U.S. Military Moves From Full Metal Jacket To Hollowpoint Rounds

For decades the U.S. military has used full metal jacket (FMJ) rounds for their pistols, but are finally switching to jacketed hollowpoints (JHP).

The announcement for the monumental shift was made at the U.S. Army’s Picatinny Arsenal in New Jersey, where military lawyers said the United States never signed the Hague Convention more than a century ago, and therefore are not technically prohibited from using hollowpoint ammunition.

The major push for switching ammo types came out growing concern for innocent bystanders. In the urban combat today’s troops increasingly find themselves in, over-penetration is not an option.

FMJ’s, which largely maintain their shape at the point of impact and excel at energy transfer, can potentially pass through their intended target and strike another, unintended target.

JHP’s, on the other hand, quickly expand at the point of impact, causing a more significant wound channel while decreasing the chance of over-penetration.

The military still plans to use FMJ’s for training purposes, but when it comes to combat, all troops will soon be equipped with JHP’s.

That being said, the caliber of choice has yet to be determined, though many experts believe that based on FBI data, the 9MM is a solid contender.

(H/T Bearing Arms, This article was a submission from freelance writer Brent Rogers)

{ 35 comments… add one }
  • Roger Mansfield January 26, 2018, 8:33 am

    This is very interesting. The U.S. Army’s Picatinny Arsenal is in New Jersey, where hollow points are illegal. I think it’s a $1,000. per round fine? Does this mean Army Personal at the Arsenal will be in violation of New Jersey state law if they’re armed with the Army’s Standard Round? Like I said very interesting! Don’t you think??

    • Bob January 26, 2018, 3:36 pm

      Hollow points are not illegal in New Jersey. You can purchase them anywhere. It is illegal to have them in your possession IF you are not on the most direct route from point of purchase to your home or a firing range. They must also be in their original factory box and in your trunk

  • Miguel Raton October 14, 2016, 3:19 pm

    It may just be legalistic mumbo-jumbo, but a case can be made that the Hague accords limits upon unnecessarily malicious ammunition don’t apply to a sidearm which has the primary purpose of personal self-defense, vs. a rifle [which is the primary method of an individual’s means of assaulting the enemy.] As for the 9mm vs. 10mm conflict raised in the replies above, that’s all irrelevant: the U.S. armed forces standardized on 9mm handguns over 30 years ago as a token gesture to the rest of NATO after forcing the 7.62x51mm on them in the 50s & then less than 15 years later unilaterally moving to 5.56x45mm, and we’re not likely to force NATO into moving up to the .40S&W deemed best by the FBI back in the ’90s at this late date. Better just to make the most of the 9mmP that we can & move on…

  • American July 1, 2016, 11:59 pm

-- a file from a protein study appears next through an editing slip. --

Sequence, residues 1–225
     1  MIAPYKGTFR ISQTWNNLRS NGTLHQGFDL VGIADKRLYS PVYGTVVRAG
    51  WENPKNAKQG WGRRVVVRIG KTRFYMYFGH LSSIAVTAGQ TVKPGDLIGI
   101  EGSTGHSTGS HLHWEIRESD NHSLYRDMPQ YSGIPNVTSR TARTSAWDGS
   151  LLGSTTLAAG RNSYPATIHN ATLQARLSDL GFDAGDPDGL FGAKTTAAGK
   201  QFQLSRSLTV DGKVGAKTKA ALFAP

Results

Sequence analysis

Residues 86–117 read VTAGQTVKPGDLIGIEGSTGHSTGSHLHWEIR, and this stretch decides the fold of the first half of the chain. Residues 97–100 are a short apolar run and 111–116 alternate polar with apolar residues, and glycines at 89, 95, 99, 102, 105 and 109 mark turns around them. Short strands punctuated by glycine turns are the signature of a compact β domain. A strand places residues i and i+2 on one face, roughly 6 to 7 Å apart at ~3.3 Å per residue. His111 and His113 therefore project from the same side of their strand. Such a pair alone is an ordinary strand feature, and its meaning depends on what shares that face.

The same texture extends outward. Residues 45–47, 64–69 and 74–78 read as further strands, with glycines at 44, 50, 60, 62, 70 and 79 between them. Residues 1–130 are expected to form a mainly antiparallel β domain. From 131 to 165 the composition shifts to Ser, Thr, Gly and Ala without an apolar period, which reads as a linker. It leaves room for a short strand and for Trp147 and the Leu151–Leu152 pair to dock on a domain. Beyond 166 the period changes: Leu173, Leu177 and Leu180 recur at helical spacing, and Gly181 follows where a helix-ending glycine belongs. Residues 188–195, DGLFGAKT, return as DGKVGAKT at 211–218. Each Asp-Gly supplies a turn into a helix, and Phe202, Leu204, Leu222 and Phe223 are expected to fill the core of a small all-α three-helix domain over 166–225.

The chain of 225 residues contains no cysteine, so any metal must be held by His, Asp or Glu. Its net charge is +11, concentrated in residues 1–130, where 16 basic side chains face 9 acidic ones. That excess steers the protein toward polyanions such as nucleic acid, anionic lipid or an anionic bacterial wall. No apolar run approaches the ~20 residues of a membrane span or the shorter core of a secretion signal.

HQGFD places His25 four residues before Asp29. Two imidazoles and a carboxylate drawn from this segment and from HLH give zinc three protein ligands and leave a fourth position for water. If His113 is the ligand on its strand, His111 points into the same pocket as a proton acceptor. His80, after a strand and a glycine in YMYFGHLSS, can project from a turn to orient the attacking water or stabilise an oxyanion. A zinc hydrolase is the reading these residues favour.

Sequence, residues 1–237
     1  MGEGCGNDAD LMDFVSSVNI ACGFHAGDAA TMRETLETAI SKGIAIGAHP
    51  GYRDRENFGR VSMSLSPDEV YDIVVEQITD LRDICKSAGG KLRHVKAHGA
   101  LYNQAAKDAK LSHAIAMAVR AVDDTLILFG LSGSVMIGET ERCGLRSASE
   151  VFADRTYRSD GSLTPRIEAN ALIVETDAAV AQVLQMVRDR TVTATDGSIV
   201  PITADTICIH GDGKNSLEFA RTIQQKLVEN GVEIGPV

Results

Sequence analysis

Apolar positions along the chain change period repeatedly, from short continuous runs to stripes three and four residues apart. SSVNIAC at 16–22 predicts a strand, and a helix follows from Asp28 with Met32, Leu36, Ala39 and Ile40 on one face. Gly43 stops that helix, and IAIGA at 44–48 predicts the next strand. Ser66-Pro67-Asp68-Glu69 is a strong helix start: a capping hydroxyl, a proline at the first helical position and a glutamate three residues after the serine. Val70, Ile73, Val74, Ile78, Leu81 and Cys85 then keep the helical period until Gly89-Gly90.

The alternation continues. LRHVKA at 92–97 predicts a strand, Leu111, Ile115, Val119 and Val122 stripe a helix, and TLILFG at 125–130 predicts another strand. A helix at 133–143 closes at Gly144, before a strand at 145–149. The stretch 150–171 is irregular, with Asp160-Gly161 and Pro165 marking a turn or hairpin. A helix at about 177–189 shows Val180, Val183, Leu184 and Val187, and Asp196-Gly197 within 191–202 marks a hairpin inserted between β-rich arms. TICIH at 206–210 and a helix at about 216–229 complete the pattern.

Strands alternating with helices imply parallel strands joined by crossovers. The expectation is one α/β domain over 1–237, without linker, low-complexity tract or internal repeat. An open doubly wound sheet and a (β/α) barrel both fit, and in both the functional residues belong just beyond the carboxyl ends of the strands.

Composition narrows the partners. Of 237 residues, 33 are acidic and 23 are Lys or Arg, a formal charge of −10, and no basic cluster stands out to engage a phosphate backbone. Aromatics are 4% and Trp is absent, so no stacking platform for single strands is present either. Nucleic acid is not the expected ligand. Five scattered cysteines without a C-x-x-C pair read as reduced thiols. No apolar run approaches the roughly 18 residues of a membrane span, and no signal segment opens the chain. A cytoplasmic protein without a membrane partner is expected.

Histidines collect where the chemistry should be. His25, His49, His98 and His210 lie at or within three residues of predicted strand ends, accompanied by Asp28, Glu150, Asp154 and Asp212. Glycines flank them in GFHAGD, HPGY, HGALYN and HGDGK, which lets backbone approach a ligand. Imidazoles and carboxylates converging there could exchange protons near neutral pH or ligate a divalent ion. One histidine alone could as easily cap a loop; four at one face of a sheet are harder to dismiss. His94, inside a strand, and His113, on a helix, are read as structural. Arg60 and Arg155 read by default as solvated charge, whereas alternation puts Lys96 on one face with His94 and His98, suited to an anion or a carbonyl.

Why not keep the COLT 45 auto

    • Roger Johnson July 21, 2017, 11:55 am

      It’s expensive to manufacture relative to more modern sidearms. It has limited magazine capacity. It’s a design over a hundred years old but still a piece of Browning’s wonderful craftsmanship. There is more knock down power in a .357 Magnum than in a 230 grain round of hardball . 45 ACP. Lastly .45 ACP is not what our NATO freeloaders want their pistols chambered in.

      • Thomas B Fowler July 21, 2017, 7:07 pm

        The cost for the 1911 style pistol can be lowered dramatically, as was shown in WWII…pistols were being made by Ithaca, Remington Rand and many other contractors, for around 14 dollars…it is an ingenious design. There could be a modification to magazine well and magazines for increased round capacity. Not a big deal. The new lost-wax casting method might reduce the costs even more, by the way…not available in the 1940’s. Something else…cost must be measured against proven performance…how many wars must we fight to prove that the 1911 style pistol in .45 ACP works quite well? And, as to NATO…they will continue to limp along with the 9 mil, but without my sympathy, frankly. Americans proved what their .45’s will do–in Europe.

      • Nick M January 26, 2018, 3:19 pm

        ” There is more knock down power in a .357 Magnum than in a 230 grain round of hardball .”

        Made up. There is more energy of movement, that is kinetic energy in the .357 than 9mm and nobody makes that argument. Momentum is what hits you, and that is mass x velocity. And the .45 Auto in 230 gr hardball has more.

  • Jack July 1, 2016, 3:52 am

    9mm–147 gr, gold dot version #2 is the new round.

  • Grumpus June 24, 2016, 4:03 am

    Will this effect the cost of civilian ammo?

  • Olaf berg July 18, 2015, 1:51 am

    Even though the US did not sign the 1899 Hague convention, it is bound by it’s restrictions. This is because during the Nuremberg War trials,the Allied Judges proclaimed that since the rules were recognized by all civilized nations and that they were then regarded as declaratory of the laws and customs of war. Under that post war decision a country did not have to have ratified the conventions in order to be bound by them. The practical decision behind FMJ was that a JHP was more likely to kill it’s target. The theory was that since it took two soldiers to take care of a wounded comrade, it would remove more combatants from the field. What is most disturbing is that the only use for handgun ammo is in an in country environment, in effect using Military personal as a Police force within the borders of the US.

    • george naschke January 26, 2018, 8:45 pm

      The original objection to hollow point bullets was, to my understanding, that poisons, infected tissue, profane animal products, (haram,) fecal matter, or incendiary chemicals could be inserted into the hollow cavity of the bullet. The Geneva Convention outlawed hollow point bullets used in war. Since most militaries use full metal jacket bullets, the official sidearms are not tested with bullets other than FMJ. How do we know if a surplus or knock off military sidearm will even function with JHP, lead semi wadcutter, or JSP bullets? This is a question.